Sam Illingworth
Manchester University Press
2019 | 200pp | £20
ISBN 9781526127983

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An image showing the book cover of A Sonnet to Science

A Sonnet to Science is an exploration of the interface between scientific and creative endeavors with a specific examination of poetry produced by six prominent scientists. Sam Illingworth is a senior lecturer at Manchester Metropolitan University with an interest in effective science communication.

When writing a biography, the goal is to provide the reader with an insight into the life and mind of the subject. This is usually achieved by using their own words to reflect their thoughts and emotions at certain times; most commonly letters and other correspondence is used. But Illingworth achieves the same through the more subtle and yet deeper medium of poetry.

The book proceeds chronologically from the late 18th century onwards, beginning with the romantic era of Humphry Davy, Ada Lovelace and James Clerk Maxwell. All were working at a time of great change and rapid development in the sciences, which each chose to capture in their poetry. As well as a reflection of their scientific work, poetry is also a catalogue of personal and professional challenges. Ronald Ross, medical doctor and Nobel laureate, demonstrates this well in his poem Father capturing his loss at the death of his son:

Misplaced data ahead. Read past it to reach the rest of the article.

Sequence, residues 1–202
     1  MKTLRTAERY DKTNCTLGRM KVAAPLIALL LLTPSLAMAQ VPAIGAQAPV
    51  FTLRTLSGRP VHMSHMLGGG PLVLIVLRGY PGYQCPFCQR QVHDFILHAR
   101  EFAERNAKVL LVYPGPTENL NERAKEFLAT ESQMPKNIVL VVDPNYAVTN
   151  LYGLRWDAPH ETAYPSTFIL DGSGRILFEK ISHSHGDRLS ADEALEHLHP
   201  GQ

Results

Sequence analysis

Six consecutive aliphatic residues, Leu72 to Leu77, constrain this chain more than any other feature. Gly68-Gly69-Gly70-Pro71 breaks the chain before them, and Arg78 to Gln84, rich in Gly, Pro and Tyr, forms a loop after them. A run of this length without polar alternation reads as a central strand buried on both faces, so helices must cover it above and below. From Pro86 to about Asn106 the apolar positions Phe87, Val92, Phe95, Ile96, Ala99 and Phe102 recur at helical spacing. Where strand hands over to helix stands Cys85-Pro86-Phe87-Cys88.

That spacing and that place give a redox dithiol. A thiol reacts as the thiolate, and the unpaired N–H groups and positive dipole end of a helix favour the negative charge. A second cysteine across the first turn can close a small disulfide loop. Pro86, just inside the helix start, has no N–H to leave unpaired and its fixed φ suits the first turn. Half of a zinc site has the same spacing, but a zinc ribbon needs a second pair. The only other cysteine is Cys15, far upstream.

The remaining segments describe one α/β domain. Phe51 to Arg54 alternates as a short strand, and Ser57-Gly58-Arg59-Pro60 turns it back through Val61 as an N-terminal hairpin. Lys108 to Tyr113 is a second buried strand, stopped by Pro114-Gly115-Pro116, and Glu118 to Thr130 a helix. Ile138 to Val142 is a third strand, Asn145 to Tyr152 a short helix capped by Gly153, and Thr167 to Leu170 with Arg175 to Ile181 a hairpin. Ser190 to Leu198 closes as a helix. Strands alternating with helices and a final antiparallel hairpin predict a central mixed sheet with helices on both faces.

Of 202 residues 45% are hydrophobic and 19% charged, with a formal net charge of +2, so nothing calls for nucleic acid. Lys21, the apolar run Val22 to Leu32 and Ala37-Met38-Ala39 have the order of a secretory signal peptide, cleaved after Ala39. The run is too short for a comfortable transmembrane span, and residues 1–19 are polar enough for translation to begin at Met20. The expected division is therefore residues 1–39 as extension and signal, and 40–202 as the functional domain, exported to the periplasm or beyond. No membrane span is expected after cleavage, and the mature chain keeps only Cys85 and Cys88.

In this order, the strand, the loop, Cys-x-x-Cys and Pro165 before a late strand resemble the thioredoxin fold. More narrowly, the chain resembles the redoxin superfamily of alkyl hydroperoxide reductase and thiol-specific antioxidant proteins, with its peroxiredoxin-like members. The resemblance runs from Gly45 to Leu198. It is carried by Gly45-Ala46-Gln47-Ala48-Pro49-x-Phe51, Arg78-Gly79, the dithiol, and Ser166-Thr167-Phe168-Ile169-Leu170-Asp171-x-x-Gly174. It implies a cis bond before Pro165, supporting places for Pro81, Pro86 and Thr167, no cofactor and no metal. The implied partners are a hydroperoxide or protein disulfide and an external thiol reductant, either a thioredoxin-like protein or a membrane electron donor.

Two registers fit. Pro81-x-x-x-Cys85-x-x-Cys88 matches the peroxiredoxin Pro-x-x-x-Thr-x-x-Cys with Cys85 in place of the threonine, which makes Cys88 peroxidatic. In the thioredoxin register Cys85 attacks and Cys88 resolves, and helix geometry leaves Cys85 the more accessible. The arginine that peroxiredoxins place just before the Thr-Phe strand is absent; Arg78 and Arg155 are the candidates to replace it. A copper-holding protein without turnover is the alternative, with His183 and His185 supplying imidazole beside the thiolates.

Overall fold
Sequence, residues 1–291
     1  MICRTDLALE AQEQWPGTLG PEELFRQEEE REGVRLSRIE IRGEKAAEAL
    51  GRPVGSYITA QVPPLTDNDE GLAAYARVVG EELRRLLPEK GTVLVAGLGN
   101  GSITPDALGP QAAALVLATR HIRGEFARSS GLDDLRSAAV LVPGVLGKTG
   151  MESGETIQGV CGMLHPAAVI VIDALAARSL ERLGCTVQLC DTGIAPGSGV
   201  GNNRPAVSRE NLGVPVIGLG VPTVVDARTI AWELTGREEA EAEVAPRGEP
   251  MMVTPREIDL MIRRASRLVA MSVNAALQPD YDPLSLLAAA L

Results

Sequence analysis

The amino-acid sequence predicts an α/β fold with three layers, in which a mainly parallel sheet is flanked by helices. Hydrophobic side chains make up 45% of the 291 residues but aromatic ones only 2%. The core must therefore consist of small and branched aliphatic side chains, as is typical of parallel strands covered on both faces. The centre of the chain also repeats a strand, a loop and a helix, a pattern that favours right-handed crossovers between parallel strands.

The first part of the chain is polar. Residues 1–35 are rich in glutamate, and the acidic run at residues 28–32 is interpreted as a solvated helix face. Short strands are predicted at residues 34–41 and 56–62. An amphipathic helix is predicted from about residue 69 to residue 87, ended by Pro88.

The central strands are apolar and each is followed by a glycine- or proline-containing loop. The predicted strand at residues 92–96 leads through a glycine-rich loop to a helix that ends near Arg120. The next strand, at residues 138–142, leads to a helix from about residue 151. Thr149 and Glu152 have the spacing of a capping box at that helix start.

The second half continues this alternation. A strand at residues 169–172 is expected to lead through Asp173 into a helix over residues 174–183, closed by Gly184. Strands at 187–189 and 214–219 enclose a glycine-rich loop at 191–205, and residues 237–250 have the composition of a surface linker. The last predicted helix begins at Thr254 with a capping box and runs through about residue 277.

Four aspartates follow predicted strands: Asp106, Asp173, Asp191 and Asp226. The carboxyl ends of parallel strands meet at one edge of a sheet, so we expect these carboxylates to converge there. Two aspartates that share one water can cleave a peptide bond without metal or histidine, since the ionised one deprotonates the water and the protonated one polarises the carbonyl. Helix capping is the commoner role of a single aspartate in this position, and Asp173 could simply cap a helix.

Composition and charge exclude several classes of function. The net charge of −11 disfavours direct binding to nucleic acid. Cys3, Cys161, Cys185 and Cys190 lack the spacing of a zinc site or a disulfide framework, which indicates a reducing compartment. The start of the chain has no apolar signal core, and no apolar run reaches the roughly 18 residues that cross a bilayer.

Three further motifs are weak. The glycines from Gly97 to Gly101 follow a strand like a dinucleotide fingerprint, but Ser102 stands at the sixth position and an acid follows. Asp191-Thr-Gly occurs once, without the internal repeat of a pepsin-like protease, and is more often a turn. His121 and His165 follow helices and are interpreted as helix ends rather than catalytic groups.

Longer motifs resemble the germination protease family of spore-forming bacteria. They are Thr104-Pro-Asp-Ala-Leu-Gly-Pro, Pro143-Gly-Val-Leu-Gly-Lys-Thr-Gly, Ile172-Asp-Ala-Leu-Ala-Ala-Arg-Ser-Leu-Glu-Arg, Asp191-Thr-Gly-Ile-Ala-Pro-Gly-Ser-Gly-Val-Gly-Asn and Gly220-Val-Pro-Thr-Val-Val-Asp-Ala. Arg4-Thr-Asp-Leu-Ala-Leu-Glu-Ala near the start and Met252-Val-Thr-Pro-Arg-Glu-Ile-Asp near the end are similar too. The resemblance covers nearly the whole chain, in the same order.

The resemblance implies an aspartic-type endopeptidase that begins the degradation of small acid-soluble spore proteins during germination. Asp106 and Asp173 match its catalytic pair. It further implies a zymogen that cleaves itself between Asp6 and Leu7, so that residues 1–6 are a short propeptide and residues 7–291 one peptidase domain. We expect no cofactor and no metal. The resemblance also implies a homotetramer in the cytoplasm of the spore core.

Come with me, my son;
Thine eyes are wide for truth:
And I will give thee memories,
And thou shalt give me youth.

While it is easy to imagine an 18th century naturalist writing poetry, today’s research culture often expects unwavering commitment – writing poetry and other creative outlets may be looked upon as a waste of one’s time. Thankfully, this did not stop astronomer Rebecca Elson who rightly believed that poetry and science could be complimentary tools in understanding our place in the world.

The choice of poets is no doubt a selection of the more skillful; however, with the exception of immunologist and poet Miroslav Holub (from the former Czechoslovakia) all are native English speakers. It would have been interesting to feature a greater diversity of writers from further afield – both geographically and chronologically – as the development of art, culture and the sciences are often viewed in this post-Enlightenment European-centric manner. There are celebrated poets from the wider world that have also successfully held dual careers: Mokichi Saitō was a Japanese poet of the Taisho period and a renowned psychiatrist.

However, this is a small criticism and, given the quality of Illingworth’s insightful writing, is more a desire that the book were longer. Overall, it is an excellent read and heartily recommended for anyone interested in the history of science.